Paige Lavender / Twitter

Deputy Press Secretary Sarah Sanders said Thursday that President Trump was disappointed in Jeff Sessions for recusing himself from the Russia investigation, but "clearly he has confidence in him or he would not be the attorney general." As for whether Trump wants Sessions to resign? "If he wanted someone to take an action, he would make that quite clear," said Sanders. Other highlights from the off-camera briefing:

Sarah Sanders:

  • Was Trump undermining his admin officials in the NYT interview? Sanders disagrees, said Trump was just "being very candid about feelings that he has."
  • On Robert Mueller: "The president is making clear that the special counsel should not move outside of the scope of the investigation." As for whether he'd fire him? "Although the president has the authority... [he] has no intention to do so at this time."
  • Does Trump regret saying McCain wasn't a war hero (in light of news he has brain cancer)? "I'm not sure about that."

WH Budget Director Mick Mulvaney

  • Visual presentation on MAGAnomics: Centers on 3% economic growth (despite the CBO's estimate of 1.9%).
  • Regulations: The administration is committed to "the war on waste." Since Trump's inauguration, 860 regulatory actions have been rolled back. Mulvaney then lifted up a massive stack of Obama regulations, and said they were all passed in the final months of his administration.
  • Mulvaney as a self-proclaimed deficit hawk: "I'm ok with larger deficits in the short term if the trade off is 3 percent growth."

Go deeper

Biden raises $141 million more than Trump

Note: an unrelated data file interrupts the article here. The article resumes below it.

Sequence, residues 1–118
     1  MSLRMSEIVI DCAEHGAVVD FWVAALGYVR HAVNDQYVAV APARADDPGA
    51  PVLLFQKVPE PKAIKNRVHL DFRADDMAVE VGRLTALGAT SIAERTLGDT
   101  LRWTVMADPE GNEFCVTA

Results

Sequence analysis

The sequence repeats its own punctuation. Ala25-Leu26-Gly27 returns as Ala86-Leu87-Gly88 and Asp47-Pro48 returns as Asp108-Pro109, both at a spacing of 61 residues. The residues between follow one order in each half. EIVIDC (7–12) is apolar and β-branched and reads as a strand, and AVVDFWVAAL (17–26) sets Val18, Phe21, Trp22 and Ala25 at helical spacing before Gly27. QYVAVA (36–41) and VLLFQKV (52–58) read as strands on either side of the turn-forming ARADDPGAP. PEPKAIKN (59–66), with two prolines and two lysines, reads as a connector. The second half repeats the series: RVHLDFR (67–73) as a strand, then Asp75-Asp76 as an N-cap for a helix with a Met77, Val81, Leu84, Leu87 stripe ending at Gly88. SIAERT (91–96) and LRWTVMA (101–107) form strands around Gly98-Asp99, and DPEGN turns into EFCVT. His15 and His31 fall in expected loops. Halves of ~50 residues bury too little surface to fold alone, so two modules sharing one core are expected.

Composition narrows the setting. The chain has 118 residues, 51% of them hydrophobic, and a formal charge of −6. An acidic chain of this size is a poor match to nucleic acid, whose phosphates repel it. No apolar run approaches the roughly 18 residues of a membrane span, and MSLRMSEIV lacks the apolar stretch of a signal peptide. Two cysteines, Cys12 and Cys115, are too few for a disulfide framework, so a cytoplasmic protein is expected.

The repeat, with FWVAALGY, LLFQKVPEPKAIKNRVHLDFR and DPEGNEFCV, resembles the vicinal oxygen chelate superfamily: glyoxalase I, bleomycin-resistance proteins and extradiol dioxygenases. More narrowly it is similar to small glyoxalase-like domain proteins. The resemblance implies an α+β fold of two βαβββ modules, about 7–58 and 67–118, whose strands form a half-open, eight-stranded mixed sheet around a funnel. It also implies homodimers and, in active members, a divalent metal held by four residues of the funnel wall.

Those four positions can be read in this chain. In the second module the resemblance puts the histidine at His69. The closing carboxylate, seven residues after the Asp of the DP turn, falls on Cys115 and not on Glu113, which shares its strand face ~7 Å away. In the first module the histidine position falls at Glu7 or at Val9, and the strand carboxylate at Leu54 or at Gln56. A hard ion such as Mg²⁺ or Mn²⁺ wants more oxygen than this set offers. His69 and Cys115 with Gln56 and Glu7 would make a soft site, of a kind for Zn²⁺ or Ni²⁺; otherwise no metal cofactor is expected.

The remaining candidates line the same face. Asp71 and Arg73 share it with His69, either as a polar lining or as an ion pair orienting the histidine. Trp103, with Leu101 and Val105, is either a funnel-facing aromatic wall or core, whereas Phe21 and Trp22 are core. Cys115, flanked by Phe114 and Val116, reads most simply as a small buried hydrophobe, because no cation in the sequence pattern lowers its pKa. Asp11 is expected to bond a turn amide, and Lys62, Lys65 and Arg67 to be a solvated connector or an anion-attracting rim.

Democratic presidential nominee Joe Biden speaks during a September campaign event in Wilmington, Delaware. Photo: Alex Wong/Getty Images

Joe Biden's campaign, the Democratic National Committee and joint fundraising committees raised $466 million cash on hand, the presidential candidate's team announced late Sunday.

Why it matters: President Trump's campaign raised $325 million, his campaign communications director Tim Murtaugh announced Friday. In the spring, Biden was $187 million behind Trump and the Republican National Committee.

Editor's note: This is a developing news story. Please check back for updates.

Virtual Emmys address chaotic year for American TV and society

Emmy Host Jimmy Kimmel during rehearsals Friday for the 72nd Annual Emmy Awards at the Staples Center in Los Angeles. Photo: Al Seib/ Los Angeles Times via Getty Images

The Emmy Awards Sunday night addressed the major U.S. issues this year — including the protests on systemic racism and police brutality, the wildfires engulfing parts of the West Coast, the census, the pandemic, essential works and the election.

Why it matters: Award shows have always addressed wider cultural issues, but this year — amid unprecedented stress and uncertainty — that trend has accelerated.

Updated 59 mins ago - Politics & Policy

Coronavirus dashboard

Illustration: Sarah Grillo/Axios

  1. Global: Total confirmed cases as of 11:30 p.m. ET: 30,919,638 — Total deaths: 959,332— Total recoveries: 21,152,996Map.
  2. U.S.: Total confirmed cases as of 9:30p.m. ET: 6,799,141 — Total deaths: 199,474 — Total recoveries: 2,590,671 — Total tests: 95,108,559Map.
  3. Politics: Testing czar on Trump's CDC contradictions: "Everybody is right" Ex-FDA chief: Career scientists won't be "easily cowed" by political vaccine pressure.
  4. Education: What we overlooked in the switch to remote learning.
  5. Health: The dwindling chances of eliminating COVID-19 — 7 states set single-day coronavirus case records last week.
  6. World: England sets £10,000 fine for breaking self-isolation rules — The countries painting their pandemic recoveries green.